As an HR manager, I find that many of the challenges I face in the workplace recur in similar patterns. What steps can I take to consistently improve our workplace practices in 2014?


The beginning of a new year is a great time to look at your HR practices and set realistic goals to help improve the functionality and performance of your company. Here are some resolutions that should help make 2014 a good year at your workplace.
1.  Documentation. This year, many people are replacing their traditional new year’s resolutions with a theme word to focus on throughout the year. Perhaps the most apt theme word for HR professionals in 2014 would be documentation. No matter what workplace issue you are facing, a paper trail is almost always helpful. Consistently taking and keeping substantive, detailed notes about the employment decisions you make, and why you made them is essential. When issues inevitably arise regarding some of those decisions, documentation about your thoughts and impressions at the time is a far more effective tool than faded recollections that may be colored by subsequent events.
2.  Update Your Employee Handbook. New laws passed in 2013 will require updates of most employee handbooks. Policies concerning nondiscrimination, retaliation, and disability benefits will need to be revised to comply with new laws. There are also new laws that will affect specific industries, including agriculture and youth sports leagues. It is prudent to review your employee handbook yearly to make sure it accurately states your company’s practices.
3.  Keep Pace with Health Care Reform. The Patient Protection and Affordable Care Act’s (ACA) “pay or play” rules go into effect in 2014. Employers with 50 or more “full-time” and “full-time equivalent” employees are classified as “large employers” who will be subject to non-deductible tax penalties unless they meet certain requirements. Work with your insurance broker or other appropriate professional to ensure your company is ready for healthcare changes. For more information visit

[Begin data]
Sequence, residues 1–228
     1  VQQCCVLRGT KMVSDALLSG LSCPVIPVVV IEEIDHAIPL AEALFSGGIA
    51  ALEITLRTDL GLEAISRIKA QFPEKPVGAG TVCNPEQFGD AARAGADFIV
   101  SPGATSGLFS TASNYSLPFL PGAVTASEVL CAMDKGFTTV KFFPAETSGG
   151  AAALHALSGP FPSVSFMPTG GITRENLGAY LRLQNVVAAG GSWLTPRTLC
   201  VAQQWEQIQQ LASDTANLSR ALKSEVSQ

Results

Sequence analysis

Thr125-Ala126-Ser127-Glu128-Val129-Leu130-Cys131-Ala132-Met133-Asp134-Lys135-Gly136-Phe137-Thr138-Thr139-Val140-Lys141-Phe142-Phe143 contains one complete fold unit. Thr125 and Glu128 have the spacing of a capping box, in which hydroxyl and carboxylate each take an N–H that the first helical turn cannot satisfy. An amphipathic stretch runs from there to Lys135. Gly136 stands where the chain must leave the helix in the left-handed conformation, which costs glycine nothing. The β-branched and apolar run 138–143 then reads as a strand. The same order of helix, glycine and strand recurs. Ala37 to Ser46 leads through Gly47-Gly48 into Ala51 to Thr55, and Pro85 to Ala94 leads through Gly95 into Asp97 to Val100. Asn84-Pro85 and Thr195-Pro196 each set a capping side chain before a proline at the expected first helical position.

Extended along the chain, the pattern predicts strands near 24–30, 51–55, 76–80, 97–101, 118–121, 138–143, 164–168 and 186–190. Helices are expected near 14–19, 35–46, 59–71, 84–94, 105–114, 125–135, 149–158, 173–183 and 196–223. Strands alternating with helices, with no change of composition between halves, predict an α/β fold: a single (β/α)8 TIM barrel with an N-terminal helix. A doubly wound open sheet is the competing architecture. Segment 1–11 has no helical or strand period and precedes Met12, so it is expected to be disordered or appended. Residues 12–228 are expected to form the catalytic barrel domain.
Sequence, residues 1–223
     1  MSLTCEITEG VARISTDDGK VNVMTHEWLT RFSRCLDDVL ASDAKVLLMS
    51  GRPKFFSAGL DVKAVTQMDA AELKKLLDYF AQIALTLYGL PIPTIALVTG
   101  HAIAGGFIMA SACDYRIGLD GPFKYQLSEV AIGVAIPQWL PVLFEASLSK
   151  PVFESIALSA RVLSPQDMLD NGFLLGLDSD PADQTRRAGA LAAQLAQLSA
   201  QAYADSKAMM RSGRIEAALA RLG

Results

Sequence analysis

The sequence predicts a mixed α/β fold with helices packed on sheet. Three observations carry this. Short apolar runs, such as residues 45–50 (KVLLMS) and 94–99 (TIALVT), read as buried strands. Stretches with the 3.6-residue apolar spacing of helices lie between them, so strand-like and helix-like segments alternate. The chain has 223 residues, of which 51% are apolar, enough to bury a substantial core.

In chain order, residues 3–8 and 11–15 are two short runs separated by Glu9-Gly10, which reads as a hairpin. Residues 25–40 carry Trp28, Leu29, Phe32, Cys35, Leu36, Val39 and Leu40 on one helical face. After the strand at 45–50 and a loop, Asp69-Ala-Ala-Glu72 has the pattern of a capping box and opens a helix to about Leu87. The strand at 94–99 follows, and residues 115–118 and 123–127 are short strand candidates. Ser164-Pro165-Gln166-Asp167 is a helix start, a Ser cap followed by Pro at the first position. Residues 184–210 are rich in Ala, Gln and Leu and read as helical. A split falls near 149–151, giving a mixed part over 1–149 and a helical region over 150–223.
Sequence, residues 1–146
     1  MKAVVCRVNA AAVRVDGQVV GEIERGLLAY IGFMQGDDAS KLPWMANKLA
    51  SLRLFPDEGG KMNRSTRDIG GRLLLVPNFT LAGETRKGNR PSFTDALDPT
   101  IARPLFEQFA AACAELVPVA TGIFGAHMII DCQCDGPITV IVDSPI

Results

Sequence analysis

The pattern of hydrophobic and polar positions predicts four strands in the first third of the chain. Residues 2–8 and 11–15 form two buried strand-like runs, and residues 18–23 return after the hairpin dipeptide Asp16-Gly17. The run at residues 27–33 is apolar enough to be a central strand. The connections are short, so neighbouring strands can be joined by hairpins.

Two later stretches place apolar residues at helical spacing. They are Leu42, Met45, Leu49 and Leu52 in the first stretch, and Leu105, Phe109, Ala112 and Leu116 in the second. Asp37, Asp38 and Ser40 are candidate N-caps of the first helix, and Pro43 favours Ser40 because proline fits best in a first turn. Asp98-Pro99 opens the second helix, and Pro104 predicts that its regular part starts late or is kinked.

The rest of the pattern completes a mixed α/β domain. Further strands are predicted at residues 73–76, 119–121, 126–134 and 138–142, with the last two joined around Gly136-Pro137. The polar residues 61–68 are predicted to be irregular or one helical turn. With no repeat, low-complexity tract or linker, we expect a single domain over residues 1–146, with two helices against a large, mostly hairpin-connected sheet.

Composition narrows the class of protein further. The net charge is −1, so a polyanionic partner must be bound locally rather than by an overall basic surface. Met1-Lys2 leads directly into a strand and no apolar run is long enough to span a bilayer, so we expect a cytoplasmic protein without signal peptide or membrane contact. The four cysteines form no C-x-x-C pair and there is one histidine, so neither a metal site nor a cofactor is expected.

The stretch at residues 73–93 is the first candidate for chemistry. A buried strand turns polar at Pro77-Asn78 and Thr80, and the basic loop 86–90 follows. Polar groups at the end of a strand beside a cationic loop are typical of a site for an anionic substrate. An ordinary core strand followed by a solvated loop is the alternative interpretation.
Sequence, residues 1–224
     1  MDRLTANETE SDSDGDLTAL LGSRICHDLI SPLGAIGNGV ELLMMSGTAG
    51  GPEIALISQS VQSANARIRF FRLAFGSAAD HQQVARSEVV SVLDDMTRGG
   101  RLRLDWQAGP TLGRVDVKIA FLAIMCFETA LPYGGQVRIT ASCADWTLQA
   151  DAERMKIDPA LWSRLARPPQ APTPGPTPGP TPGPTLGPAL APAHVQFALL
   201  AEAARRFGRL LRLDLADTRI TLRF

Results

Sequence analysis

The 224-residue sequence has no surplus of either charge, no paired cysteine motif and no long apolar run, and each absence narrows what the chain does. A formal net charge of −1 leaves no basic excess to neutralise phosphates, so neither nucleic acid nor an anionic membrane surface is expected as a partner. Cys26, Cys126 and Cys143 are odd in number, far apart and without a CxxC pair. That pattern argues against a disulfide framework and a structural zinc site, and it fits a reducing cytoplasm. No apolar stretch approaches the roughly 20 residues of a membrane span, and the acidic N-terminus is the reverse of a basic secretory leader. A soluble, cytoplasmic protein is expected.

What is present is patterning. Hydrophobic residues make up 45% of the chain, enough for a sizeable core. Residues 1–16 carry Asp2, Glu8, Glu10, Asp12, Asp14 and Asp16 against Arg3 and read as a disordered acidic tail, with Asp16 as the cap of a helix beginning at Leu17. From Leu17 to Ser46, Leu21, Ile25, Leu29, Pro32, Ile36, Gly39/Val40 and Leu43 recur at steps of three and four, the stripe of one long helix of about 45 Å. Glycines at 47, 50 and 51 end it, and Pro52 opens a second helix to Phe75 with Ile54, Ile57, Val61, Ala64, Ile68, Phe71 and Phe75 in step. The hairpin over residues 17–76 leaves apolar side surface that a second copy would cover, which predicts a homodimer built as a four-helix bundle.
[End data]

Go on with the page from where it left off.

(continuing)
4.  Review Employee Classifications. Many employers conduct periodic reviews of workers to make sure they are properly classified as independent contractors, exempt employees, or non-exempt employees. These classifications are important to ensure compliance with tax laws and wage and hour regulations. Because workers’ duties can change over time, it is wise to reevaluate classifications periodically.
5.  Audit Time and Wage Records. California wage and hour laws require employers to keep detailed records of hours worked and wages earned by employees. Review your payroll policies to make sure you are following California’s rules when paying all wages owed to your employees. It is prudent to review the wage order applicable to your company and make sure your record keeping practices comply with the law. To access the wage orders, go to
6.  Maintain Accurate Personnel Files. Personnel files should include a signed job application or the employee’s resume, a job description (including the essential functions of the job), any offer letter or written terms of employment, the signed acknowledgement of receipt of the employee handbook, benefits information, the employee’s W-4 forms, and documents relating to the employee’s performance. The personnel file should not include I-9 forms or any medical information relating to the employee.
7.  Improve Communication and Collaboration. It is also important to review your company’s practices and philosophy regarding communicating with employees, and building a collaborative work environment.
Following the above practices is a wise way to start out the new year.